The Brave New (Mobile) World
Speaking of the end of the console wars, there may very well come a day where the consoles themselves essentially become a thing of the past. Die-hard Nintendo, Microsoft and Sony loyalists may find it hard to believe, but it's true - and we're probably closer to this reality than you might think.
Case in point: nearly 70% of all Generation X gamers actually prefer to play their favorite games on their smartphones, tablets and other mobile devices. Based on this, it should come as a surprise to absolutely nobody that mobile makes up nearly 51% of the total gaming market worldwide.
Part of the reason why this will be difficult to believe for so many people has to do with the way "mobile" gaming has always been seen by those who have been playing games for their entire life. Nintendo's original GameBoy was great for playing a quick "Mario" or "Zelda" title on-the-go... but it could never replace the feeling or experience of playing "Super Mario Bros. 3" on an actual NES. Portable consoles were always seen as the "younger sibling" of their more powerful home-based counterparts and the games released for them were viewed as "second class citizens" because of it.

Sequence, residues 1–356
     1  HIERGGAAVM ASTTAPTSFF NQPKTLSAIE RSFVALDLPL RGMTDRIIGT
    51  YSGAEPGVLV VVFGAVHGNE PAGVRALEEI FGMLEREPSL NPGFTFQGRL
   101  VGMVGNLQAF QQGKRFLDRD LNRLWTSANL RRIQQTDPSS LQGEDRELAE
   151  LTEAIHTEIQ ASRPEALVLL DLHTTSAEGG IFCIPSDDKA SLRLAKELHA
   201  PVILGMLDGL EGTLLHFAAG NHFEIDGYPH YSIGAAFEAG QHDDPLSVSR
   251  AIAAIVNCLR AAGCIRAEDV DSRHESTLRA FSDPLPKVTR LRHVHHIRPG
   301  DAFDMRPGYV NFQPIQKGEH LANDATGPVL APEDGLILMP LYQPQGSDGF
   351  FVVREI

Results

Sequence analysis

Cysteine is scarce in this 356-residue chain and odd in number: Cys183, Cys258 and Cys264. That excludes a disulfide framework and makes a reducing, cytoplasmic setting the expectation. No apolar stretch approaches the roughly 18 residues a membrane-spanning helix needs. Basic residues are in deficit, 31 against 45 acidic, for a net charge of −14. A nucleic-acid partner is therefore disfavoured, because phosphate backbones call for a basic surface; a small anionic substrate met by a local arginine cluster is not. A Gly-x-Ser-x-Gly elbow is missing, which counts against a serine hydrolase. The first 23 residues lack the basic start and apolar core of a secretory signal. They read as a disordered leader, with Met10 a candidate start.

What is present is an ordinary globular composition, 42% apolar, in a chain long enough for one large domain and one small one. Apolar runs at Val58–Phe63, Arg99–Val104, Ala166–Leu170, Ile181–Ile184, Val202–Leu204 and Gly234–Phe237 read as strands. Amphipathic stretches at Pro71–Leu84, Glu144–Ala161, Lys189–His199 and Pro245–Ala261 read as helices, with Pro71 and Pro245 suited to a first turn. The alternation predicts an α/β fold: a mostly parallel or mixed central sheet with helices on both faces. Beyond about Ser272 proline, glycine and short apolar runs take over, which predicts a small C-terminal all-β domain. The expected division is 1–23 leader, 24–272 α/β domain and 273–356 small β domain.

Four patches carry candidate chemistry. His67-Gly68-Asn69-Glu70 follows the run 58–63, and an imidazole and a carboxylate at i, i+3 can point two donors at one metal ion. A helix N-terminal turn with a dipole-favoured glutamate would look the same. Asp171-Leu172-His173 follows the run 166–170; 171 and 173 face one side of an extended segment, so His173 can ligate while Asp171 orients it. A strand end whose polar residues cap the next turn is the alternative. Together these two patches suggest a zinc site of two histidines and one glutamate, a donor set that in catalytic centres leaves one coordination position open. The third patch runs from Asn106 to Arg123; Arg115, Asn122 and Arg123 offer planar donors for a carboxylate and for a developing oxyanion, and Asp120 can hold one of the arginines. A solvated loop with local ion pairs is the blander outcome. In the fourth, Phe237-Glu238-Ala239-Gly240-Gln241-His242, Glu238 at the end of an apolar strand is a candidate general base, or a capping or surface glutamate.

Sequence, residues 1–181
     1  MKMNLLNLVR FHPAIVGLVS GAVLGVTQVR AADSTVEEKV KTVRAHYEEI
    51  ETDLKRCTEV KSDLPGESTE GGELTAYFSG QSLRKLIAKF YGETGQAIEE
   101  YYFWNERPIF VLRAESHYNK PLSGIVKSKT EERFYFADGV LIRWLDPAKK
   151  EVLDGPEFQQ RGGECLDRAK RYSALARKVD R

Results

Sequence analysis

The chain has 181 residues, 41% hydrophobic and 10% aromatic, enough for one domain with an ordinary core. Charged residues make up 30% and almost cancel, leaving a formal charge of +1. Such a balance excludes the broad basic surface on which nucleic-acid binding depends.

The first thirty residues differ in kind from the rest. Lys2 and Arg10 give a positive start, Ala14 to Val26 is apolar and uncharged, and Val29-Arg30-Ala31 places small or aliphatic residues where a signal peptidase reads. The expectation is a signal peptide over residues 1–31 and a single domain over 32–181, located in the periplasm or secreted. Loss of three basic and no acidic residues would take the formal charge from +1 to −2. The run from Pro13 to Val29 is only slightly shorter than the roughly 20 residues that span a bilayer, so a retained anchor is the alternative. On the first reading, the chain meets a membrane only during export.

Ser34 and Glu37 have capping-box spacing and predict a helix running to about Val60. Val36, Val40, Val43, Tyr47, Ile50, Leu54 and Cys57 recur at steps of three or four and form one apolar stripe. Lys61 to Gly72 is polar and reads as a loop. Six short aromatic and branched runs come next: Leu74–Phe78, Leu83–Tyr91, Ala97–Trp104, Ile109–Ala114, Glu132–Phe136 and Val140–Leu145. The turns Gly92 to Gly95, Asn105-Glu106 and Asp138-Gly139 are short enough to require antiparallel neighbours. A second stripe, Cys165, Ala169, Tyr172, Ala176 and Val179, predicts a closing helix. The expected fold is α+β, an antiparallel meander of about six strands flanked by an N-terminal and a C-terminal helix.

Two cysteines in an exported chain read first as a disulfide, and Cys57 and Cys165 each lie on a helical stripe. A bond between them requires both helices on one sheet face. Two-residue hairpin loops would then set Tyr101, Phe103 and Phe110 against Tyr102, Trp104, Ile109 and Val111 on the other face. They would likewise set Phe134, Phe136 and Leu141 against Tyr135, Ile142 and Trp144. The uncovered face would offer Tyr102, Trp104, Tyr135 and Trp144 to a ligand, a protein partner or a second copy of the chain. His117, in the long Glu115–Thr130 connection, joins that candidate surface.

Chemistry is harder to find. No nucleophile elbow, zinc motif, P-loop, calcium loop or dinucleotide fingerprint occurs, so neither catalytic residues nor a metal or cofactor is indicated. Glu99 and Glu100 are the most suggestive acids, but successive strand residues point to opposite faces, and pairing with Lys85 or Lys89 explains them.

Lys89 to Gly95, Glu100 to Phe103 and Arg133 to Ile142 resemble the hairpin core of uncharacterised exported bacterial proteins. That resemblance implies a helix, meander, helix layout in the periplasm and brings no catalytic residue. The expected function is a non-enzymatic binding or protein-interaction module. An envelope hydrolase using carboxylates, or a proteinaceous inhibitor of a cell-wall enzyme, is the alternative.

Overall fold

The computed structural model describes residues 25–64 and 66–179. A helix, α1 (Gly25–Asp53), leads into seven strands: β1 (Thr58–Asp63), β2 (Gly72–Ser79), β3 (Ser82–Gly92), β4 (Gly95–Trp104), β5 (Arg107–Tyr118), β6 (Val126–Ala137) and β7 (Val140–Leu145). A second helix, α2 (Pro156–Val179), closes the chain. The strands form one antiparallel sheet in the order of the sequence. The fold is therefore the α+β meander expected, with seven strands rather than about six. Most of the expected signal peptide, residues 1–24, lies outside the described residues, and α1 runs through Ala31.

When you consider how technologically advanced modern day smartphones are, however, this isn't really the case any longer. Apple's iPhone is literally more powerful than the computers used to send men to the moon by NASA in the 1960s. Internet connections are getting faster all the time, which is why you're starting to see services like PlayStation's Remote Play that allow you to stream games from your PS4 to your smartphone or tablet (or even your desktop computer) over a Wi-Fi connection.